June 7th, 2022
The implementation of a digital signature enforcement is abbreviated as DSE in kernel terminology. Most of the bypasses are based on exploiting a vulnerability in a legitimate EV signed driver to manually map a "driverless" non signed driver in kernel memory that patches kernel memory and disables digital signature enforcement.
The kernel driver has a direct access to the kernel memory and this technique is also commonly used to bypass kernel-level anti-cheat solutions.
The official way to turn DSE on and off:
- Bcdedit.exe -set TESTSIGNING ON
- Bcdedit.exe -set TESTSIGNING OFF
As of March 2022 Microsoft is adding a new vulnerable driver blocklist feature to Windows Defender that prevents those drivers from loading. MS is revoking leaked certs when found as well and distinguishes those updates as a "quality improvements" such as KB5013942. In the end, the public solutions that bypass DSE are becoming obsolete.
If you've no idea where to start. In order to disable DSE, you'll need to find a virtual address of CI!g_CiOptions in the kernel memory. This is a global system variable.
The easiest way is to use the local kernel debugger as it comes with up to date symbols for the kernel itself and kernel "built-in" modules loaded by the kernel such as CI.dll in the article case.
lkd> db CI!g_CiOptions L1
lkd> FFFFF8067D1393B8 0F
The result is a virtual address of a global system variable CI!G_CiOptions in kernel memory (bolded above) and then the current value of DSE in hex.
Setting the value to zero will turn off DSE and restoring the value back to the original restores code integrity checks (CI).
The modification is subject to PatchGuard BSDO but if you restore the byte immediately back to the original value after loading an unsigned driver, as far as I've tested, in most of cases BSDO should not occur.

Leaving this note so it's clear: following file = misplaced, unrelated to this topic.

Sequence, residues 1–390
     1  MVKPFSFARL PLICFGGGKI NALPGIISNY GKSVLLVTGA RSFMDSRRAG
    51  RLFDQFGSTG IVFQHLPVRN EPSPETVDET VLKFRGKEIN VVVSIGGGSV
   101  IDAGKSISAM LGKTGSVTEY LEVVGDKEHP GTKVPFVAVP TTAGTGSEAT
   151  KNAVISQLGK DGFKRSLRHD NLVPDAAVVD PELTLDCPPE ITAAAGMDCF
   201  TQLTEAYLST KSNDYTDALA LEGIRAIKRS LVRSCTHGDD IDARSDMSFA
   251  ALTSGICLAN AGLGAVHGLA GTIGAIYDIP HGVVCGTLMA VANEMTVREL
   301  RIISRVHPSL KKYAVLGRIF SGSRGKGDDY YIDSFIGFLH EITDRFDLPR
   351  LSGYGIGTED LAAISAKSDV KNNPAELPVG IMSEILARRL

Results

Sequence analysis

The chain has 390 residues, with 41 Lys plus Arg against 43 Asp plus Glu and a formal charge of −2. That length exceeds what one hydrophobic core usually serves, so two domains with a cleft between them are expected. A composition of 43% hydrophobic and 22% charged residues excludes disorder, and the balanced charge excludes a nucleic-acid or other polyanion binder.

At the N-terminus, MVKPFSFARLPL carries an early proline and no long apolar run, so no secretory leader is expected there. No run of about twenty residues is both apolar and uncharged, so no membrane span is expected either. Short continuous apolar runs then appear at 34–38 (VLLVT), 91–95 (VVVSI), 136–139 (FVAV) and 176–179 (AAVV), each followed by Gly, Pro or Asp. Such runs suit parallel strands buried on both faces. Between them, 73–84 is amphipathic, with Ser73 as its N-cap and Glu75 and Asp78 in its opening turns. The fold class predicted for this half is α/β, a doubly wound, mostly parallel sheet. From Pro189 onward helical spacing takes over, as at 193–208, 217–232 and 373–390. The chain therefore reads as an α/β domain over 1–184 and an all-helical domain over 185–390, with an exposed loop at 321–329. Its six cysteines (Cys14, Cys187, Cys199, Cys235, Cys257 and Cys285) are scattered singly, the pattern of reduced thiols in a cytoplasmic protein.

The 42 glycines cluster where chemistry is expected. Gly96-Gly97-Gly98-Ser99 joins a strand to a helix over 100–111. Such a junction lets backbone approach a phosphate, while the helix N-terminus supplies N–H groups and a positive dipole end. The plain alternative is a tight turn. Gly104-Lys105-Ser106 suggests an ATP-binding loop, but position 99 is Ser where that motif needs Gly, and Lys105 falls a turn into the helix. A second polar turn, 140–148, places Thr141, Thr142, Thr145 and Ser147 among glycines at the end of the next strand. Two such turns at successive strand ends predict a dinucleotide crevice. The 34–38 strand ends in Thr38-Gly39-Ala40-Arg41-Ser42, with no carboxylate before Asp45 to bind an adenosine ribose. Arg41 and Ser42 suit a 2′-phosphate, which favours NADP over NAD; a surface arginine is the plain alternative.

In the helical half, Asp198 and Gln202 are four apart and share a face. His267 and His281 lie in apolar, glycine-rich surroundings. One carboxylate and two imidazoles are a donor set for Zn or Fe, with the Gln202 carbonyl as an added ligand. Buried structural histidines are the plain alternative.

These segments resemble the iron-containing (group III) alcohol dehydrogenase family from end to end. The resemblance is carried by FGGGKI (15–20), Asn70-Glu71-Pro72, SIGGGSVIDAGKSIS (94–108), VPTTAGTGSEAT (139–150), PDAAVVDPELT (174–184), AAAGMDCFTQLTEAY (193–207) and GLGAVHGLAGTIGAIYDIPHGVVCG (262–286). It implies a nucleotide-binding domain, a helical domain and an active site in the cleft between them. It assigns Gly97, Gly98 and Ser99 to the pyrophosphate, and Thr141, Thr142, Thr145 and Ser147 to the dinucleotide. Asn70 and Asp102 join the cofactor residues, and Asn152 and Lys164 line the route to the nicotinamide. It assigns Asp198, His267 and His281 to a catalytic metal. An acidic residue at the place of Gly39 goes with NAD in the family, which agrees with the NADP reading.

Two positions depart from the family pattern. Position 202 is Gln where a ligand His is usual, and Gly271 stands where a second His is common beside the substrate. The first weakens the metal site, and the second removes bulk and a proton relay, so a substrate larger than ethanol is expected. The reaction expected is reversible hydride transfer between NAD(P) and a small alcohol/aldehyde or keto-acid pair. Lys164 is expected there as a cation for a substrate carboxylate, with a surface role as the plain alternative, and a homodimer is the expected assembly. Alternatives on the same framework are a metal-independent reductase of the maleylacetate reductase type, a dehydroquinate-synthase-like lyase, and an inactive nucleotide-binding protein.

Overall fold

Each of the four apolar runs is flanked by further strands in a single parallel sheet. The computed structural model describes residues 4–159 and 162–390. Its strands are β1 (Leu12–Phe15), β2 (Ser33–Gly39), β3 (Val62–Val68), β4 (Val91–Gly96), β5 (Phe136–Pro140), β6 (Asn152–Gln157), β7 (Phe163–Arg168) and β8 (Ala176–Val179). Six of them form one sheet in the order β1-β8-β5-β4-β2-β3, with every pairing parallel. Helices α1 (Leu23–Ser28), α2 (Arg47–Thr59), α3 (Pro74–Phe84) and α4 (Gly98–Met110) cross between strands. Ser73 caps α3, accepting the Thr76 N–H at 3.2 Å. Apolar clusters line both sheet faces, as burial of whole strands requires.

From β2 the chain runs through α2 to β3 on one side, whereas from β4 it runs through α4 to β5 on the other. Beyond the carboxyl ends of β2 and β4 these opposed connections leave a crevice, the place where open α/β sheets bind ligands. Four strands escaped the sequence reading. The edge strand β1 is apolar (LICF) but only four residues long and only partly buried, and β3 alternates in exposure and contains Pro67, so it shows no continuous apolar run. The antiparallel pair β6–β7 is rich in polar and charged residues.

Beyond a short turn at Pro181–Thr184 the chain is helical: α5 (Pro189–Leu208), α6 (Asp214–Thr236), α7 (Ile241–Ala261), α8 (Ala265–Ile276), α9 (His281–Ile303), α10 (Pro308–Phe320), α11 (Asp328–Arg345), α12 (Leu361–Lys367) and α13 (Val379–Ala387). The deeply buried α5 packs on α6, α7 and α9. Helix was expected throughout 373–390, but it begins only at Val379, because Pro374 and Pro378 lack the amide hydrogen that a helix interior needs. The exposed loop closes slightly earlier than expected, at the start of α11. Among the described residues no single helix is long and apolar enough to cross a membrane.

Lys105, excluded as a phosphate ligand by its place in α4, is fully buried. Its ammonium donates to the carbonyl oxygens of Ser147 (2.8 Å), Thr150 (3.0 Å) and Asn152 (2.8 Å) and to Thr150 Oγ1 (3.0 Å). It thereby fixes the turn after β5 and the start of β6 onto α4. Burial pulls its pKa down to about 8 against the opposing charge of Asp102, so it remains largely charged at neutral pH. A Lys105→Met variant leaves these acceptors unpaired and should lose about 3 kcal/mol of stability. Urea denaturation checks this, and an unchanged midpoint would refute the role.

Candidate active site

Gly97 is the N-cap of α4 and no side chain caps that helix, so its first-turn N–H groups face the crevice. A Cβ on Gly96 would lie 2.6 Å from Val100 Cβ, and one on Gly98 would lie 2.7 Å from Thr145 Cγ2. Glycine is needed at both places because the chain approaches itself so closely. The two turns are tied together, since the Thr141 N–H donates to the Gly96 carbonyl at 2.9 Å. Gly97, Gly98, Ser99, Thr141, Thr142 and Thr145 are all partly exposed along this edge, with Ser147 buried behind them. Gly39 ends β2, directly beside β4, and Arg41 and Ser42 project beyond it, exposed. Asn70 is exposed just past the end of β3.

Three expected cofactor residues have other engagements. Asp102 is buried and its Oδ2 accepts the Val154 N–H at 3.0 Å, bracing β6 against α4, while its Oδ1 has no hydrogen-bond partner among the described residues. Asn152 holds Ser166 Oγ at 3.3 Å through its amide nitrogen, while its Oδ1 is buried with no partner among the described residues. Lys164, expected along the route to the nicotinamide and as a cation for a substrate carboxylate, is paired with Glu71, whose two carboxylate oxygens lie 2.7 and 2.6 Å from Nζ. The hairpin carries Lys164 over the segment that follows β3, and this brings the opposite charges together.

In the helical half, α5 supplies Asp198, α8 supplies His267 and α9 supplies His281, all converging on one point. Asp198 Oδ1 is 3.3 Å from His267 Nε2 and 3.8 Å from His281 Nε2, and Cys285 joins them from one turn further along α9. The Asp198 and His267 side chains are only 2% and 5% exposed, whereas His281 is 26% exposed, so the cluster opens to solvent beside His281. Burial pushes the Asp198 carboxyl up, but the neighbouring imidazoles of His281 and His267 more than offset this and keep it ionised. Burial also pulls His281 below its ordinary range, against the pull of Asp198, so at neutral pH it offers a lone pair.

You can bypass DSE also using the local kernel debugger. However though enabling kernel debugging is not always an option.
The screenshot below represents DATA/STRUCTURES mode in the HEX DEREF software and shows how the variable looks like in the professional version memory viewer:
The biggest difference vs WinDbg is that the software is capable of finding the structure of classes in memory without source code or symbols and the offsets are automatically applied to a given address. This functionality allows you to restructure undocumented windows kernel structures.
The tool can draw kernel memory in real time and of course you can edit arbitrary kernel memory as well. This will speed up dynamic kernel and malware analysis significantly.
How to find the virtual address of a DSE byte after a reboot?
The kernel uses address space layout randomization (KASLR). The kernel is loaded to a random location in memory on each reboot. You can bypass KASLR easily with a little bit of assembly knowledge.
I'll update the article with a source code example on my GitHub.
Now that we know the virtual address of the DSE byte. There are four (3) options (knowledge of reverse engineering is required). For the sake of repetition, we will go through 1) and 2) in this article.
- 1) Use HEX DEREF PRO to dynamically reverse engineer the instruction address that refers to the DSE byte in kernel memory (the easiest and fastest solution)
- 2) Set a breakpoint (BP) to that address with the kernel debugger to find the instruction address
- 3) Dump the kernel with HEX DEREF PRO and analyze the dumped ntoskrnl.exe in IDA or Ghidra and load pdb
g_CiProtectedContent has a pointer to CI!g_CiOptions. After the initial analysis has finished in IDA PRO for CI.dll and the PDB has been loaded:
Similarly to IDA PRO, the code needs to be analyzed in HEX DEREF PRO as well if you want to see XREF's in the memory viewer. The "X" refers to the code execution reference (XREF) in the memory viewer
As shown in the image below. 0xFFFFF8067D12B8F0 is the virtual address of g_CiProtectedContent and it has a pointer to 0xFFFFF8067D1393B8 which is the virtual address of CI!g_CiOptions
You can generate an unique assembly signature for an instruction by right clicking the instruction address in the memory viewer.
The author of the article is a hobbyist security researcher and lead developer of the HEX DEREF software. The information is for educational and informational purposes only. The lab was performed on Windows 10 Pro 21H2 (19044) Hyper-V virtual machine.